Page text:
We did a lot of pretending. We pretended we weren't afraid of being 
alone in New York and stony broke. I pretended I didn't feel like something 
stepped on and squashed flat by being let out of the Follies after only four 
weeks* work. Moe pretended he didn't mind hunting for a job to work at 
after law school which would help to pay some of his expenses at least. And 
I did my best to pretend I wasn't scared'blue because something terrible had 
happened to my throat which tied my singing pipes up into a knot and 
wouldn't let me do more than croak like a frog. 

To be out of a job was bad enough, especially in late summer when it was 
next to impossible to pick up any bookings in vaudeville. To lose your voice, 
and not to know whether it would ever come back, made you know what 
it is like to live and sleep and wake again with terror for a companion. 

But we had one bright star on our horizon Mollie. She had taken me 
under her wing that night of the Follies opening and she never let me forget 
that she was my friend whose faith in my ability to get somewhere, someday, 
never wavered. On those nerve-racking, sultry afternoons, when the heat 
and the city's noise seemed to fill our little apartment so full that you couldn't 
draw a breath, she would come in, fresh and beaming, on her way over to the 
theater to work for Lillian Lorraine. 

"You've got to rest up," she advised. "It's all that upset about losing your 
job in the Follies that's got into your throat and tightened it up. The doctor 
told you that*" 

It was Mollie who had insisted on my going to a doctor and who was 

MOLLIE & CO. 79 

paying for the visits and the medicine he prescribed. He, too, had ordered 
rest and freedom from worry. "Give your voice and your nerves a complete 
rest," he said. An easy prescription to take when you have no money and 
no job, when the landlord will be looking for his rent on the first of the 
month, and the grocery stores don't give credit. Confronted by these prob- 
lems I couldn't help thinking bitterly, why did Nora Bayes have to do that 
to me? And why did Eva Tanguay have to take away my one song in the 
show and with it my salary? With one hundred dollars a week Moe and 
I would be sitting pretty. And I would be able to help Mama and keep Son, 
and save too. 

"You can't afford to let yourself get bitter," Mollie said, again and again. 
"Getting bitter never did nobody no good. It does harm. A lot more harm 
than just losing a job. You do what the doctor says: rest, don't worry. Bill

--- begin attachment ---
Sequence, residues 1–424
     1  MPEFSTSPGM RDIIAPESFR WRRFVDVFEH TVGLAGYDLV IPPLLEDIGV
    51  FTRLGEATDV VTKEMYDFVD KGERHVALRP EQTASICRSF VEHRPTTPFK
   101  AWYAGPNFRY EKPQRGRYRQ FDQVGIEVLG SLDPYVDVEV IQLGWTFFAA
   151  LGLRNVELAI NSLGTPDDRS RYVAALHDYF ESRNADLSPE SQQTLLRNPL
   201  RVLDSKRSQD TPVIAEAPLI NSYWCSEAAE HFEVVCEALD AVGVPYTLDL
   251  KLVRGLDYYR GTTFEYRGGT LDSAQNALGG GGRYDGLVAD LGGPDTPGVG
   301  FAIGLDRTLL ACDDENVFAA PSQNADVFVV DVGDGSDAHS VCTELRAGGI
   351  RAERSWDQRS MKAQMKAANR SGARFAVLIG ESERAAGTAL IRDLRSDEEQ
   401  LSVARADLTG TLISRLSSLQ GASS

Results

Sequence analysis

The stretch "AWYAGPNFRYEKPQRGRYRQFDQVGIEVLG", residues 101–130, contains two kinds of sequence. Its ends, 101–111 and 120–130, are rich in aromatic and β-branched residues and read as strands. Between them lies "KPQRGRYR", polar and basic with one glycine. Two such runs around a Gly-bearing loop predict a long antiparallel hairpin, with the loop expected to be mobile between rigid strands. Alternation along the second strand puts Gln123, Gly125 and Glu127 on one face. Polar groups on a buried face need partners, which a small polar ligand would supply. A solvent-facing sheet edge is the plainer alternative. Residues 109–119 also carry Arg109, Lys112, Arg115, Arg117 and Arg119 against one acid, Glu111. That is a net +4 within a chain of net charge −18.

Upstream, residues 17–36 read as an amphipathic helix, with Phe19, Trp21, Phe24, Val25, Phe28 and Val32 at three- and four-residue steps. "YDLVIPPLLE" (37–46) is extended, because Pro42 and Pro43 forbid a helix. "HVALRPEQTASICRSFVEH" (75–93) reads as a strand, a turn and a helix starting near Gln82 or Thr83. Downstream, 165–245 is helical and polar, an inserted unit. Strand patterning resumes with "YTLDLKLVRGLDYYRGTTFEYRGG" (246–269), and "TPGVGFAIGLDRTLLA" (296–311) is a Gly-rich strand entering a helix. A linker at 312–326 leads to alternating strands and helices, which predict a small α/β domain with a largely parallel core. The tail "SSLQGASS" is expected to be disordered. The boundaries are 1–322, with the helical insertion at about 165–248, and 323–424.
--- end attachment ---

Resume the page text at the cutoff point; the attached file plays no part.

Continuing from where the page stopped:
and Fll see you through. (Bill was her husband.) We'll look out for you till 
you get your voice back again and get into another show." 

"Mollie, I can't take your money. All my life I've earned for myself." 

"Sure, and you'll do it again," she replied confidently. "You ain't finished. 
Patsy. You've got what it takes to go places." 

I looked around our sparsely furnished flat, at the bare kitchen, the empty 
icebox. "This doesn't look like it," I said grimly. 

"You didn't see yet what I brought you." Mollie spoke as soothingly as 
though I were a sick child. "Lamb stew. That Bill Elkins just gets to hanker- 
ing after a lamb stew every so often; seems like nothing else just hits the 
right spot with him. I cooked enough for all of us. For you and Brother Moe 
when he gets home. And coming down I stopped at the grocery and fetched 
along some eggs and milk and things. You eat a good supper now, Patsy, 
and see what it does for those pipes of yours." 

"I can't let you spend your and Bill's money on me," I objected, but 
faintly. The stew, as Mollie unwrapped the package, smelled wonderful. 
You can't live on a cup of coffee a day and not get hungry. 

"You don't need to worry about this money," said Mollie, and gave me a 

"You made it on the horses?" 

"That's right. So long as the luck stays with me and I've got two bucks to 
bet 'em on the nose, you ain't going hungry, Patsy." 

Then while I ate the stew she entertained me with backstage gossip 
from the Follies and a couple of stories that made me laugh for the first time 
in days. It wasn't till after she had gone and I was washing up that I found 
the dollar bill she had dropped into a cup on the kitchen shelf. 


Mollie played the horses a two-dollar bet was her limit and the luck 
stayed with her. Out of her winnings she kept Moe and me. We might have 
been her children the way she mothered us. She shared with us her money, 
her food, and, what was even more valuable, her philosophy. Hers was a 
philosophy which would admit neither defeat, resentment, nor despair. She 
radiated a goodness that was invincible. In later years I was to meet a fair 
number of men and women the world considers great. For true greatness of 
spirit I have never met anyone who outmatched Mollie. 

She was determined that I should not let my experience in the Follies build 
up a resentment against either of the stars who had refused to let me shine 
near them. I have already told of my friendship in later years with Nora 
Bayes. I have always been glad that Mollie herself was a witness to my meet- 
ing with Eva Tanguay.